A 49-year-old Lihue woman pleaded guilty Tuesday in U.S. District Court to three counts of wire fraud and one count of aggravated identity theft related to multiple long-running fraudulent schemes.
Leihinahina Sullivan will face up to 20 years’ imprisonment and a fine of up to $250,000 for each of the wire fraud charges and a mandatory sentence of two years in prison plus any other sentence imposed by Chief U.S. District Judge J. Michael Seabright and a fine of up to $250,000 on aggravated identity theft when she is sentenced Dec. 2.
According to a news release from the U.S. Attorney’s Office in Hawaii, court documents and information provided in court described three fraud schemes perpetrated by Sullivan.
Beginning as early as Jan. 31, 2011, through at least Aug. 23, 2017, she obtained tax refunds from the Internal Revenue Service and the State of Hawaii that she and other individuals were not entitled to receive by filing false returns that included fictitious expenses, claims for credit and other items Sullivan knew were false when made.
She did not review the tax returns with the individuals before she filed them in their names, the release said.
Sullivan then transferred the fraudulent tax refunds into several bank accounts she had access to and controlled, including her personal bank accounts and those of friends and family members, along with a nonprofit entity she controlled. Sullivan then spent the tax refunds on personal expenses for herself, her family and friends, federal prosecutors said.
The second scheme began Jan. 8, 2011, and lasted through at least Feb. 1, 2017, when Sullivan prepared and submitted false student loan, grant, scholarship and financial aid applications and documents for college-bound students that requested money from public and private educational-based financial assistance and aid providers, the release said.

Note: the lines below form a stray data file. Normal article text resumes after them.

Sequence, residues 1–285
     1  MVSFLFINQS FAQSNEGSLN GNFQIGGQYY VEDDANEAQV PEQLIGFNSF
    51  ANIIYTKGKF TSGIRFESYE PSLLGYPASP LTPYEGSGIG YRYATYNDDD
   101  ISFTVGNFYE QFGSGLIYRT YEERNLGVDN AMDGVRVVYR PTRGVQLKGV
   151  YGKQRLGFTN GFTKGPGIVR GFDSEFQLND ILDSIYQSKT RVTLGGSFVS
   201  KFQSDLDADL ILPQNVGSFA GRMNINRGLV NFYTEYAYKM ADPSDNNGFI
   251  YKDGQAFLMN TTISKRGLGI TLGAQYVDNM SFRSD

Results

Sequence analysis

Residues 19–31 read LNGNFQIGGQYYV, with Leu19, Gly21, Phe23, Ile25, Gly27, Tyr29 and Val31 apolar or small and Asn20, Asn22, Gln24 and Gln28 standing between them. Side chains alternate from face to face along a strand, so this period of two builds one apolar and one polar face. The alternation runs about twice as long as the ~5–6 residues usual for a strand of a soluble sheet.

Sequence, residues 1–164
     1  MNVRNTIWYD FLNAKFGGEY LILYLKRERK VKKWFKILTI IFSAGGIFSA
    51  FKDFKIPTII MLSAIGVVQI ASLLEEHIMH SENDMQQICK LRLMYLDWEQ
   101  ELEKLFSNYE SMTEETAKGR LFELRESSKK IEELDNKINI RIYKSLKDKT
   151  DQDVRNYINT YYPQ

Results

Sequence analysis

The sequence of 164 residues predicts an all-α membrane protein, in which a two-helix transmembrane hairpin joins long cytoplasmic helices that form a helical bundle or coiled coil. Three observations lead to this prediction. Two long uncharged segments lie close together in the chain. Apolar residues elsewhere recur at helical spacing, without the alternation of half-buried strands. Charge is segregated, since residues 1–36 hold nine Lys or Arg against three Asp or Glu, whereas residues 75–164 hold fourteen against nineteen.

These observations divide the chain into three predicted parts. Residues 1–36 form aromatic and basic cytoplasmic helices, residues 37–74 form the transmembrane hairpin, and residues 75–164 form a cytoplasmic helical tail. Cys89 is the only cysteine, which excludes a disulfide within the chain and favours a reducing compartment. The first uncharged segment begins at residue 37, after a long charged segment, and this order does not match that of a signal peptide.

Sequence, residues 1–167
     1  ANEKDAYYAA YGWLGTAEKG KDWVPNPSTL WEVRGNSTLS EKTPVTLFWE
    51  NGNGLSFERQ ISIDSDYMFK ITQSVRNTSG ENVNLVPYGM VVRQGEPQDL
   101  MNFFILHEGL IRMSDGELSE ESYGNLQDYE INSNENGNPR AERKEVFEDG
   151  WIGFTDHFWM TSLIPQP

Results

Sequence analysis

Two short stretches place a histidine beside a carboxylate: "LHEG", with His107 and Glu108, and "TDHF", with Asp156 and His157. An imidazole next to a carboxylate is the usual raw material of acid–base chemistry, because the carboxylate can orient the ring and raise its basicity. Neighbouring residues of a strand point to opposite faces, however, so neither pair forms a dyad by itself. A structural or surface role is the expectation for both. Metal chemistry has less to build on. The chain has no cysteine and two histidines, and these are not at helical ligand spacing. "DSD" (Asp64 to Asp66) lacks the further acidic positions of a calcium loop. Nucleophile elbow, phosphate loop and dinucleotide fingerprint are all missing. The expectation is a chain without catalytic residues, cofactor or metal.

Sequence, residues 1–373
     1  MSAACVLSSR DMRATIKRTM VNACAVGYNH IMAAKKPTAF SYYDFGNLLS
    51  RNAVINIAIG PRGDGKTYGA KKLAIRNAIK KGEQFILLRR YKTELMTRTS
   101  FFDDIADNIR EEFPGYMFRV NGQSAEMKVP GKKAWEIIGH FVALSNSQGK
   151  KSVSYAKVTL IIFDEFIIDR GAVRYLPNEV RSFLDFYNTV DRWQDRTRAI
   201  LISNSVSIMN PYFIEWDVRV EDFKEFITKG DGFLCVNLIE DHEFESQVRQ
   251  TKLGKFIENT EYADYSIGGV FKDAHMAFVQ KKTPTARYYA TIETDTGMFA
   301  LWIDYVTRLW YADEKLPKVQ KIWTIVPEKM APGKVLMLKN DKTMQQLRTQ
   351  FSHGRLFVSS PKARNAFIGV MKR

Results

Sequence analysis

She then transferred some money from students’ financial aid applications to her personal bank accounts and other bank accounts she controlled, spending the money on her own personal and other expenses, such as for home construction, store purchases and bills, according to the release.
The final fraud scheme had Sullivan using personal information such as Social Security numbers and birthdates to apply for and use credit cards in other peoples’ names without their authorization. In one instance, she submitted an electronic credit card application for an individual whom she knew died on the same day she sent in the application, the release said.
“Sullivan’s fraud was wide-ranging and lasted for years,” said acting U.S. Attorney Judith A. Philips in the release. “Her web of lies and manipulation ends with this case. She will be held accountable for the damage she caused by her fraudulent schemes and the money she stole from friends, family, individuals in her community, and public and private institutions.”
IRS-Criminal Investigation acting Special Agent in Charge Corinne Kalve said Sullivan admitted to defrauding the community and taking money from taxpayers, students and financial institutions for her own personal profit. “This guilty plea is a reminder that IRS-CI will continue to follow the money and investigate those who prey on their communities,” she said.
The conviction is the result of an investigation led by IRS-CI and involving the U.S. Department of Education, Office of Inspector General and the FBI. Assistant U.S. Attorneys Rebecca A. Perlmutter and Mohammad Khatib of the District of Hawaii are prosecuting the case.